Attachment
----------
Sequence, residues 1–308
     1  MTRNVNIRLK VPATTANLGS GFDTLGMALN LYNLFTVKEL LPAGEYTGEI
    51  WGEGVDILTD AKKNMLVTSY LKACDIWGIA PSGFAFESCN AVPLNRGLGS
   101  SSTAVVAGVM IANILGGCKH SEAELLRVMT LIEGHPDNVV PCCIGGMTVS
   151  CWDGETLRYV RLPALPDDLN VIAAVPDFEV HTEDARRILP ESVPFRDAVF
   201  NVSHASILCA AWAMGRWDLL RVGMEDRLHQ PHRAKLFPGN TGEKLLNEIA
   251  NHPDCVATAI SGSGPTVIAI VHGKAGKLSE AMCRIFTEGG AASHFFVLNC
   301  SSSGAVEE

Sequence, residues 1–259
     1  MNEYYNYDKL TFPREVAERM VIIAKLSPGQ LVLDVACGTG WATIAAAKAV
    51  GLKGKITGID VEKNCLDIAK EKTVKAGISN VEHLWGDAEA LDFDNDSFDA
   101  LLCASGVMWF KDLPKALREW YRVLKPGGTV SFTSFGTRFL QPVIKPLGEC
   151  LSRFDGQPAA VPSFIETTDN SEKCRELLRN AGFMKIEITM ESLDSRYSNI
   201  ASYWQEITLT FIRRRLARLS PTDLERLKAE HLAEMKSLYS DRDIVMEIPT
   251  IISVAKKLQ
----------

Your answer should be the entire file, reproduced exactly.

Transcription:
Sequence, residues 1–308
     1  MTRNVNIRLK VPATTANLGS GFDTLGMALN LYNLFTVKEL LPAGEYTGEI
    51  WGEGVDILTD AKKNMLVTSY LKACDIWGIA PSGFAFESCN AVPLNRGLGS
   101  SSTAVVAGVM IANILGGCKH SEAELLRVMT LIEGHPDNVV PCCIGGMTVS
   151  CWDGETLRYV RLPALPDDLN VIAAVPDFEV HTEDARRILP ESVPFRDAVF
   201  NVSHASILCA AWAMGRWDLL RVGMEDRLHQ PHRAKLFPGN TGEKLLNEIA
   251  NHPDCVATAI SGSGPTVIAI VHGKAGKLSE AMCRIFTEGG AASHFFVLNC
   301  SSSGAVEE

Sequence, residues 1–259
     1  MNEYYNYDKL TFPREVAERM VIIAKLSPGQ LVLDVACGTG WATIAAAKAV
    51  GLKGKITGID VEKNCLDIAK EKTVKAGISN VEHLWGDAEA LDFDNDSFDA
   101  LLCASGVMWF KDLPKALREW YRVLKPGGTV SFTSFGTRFL QPVIKPLGEC
   151  LSRFDGQPAA VPSFIETTDN SEKCRELLRN AGFMKIEITM ESLDSRYSNI
   201  ASYWQEITLT FIRRRLARLS PTDLERLKAE HLAEMKSLYS DRDIVMEIPT
   251  IISVAKKLQ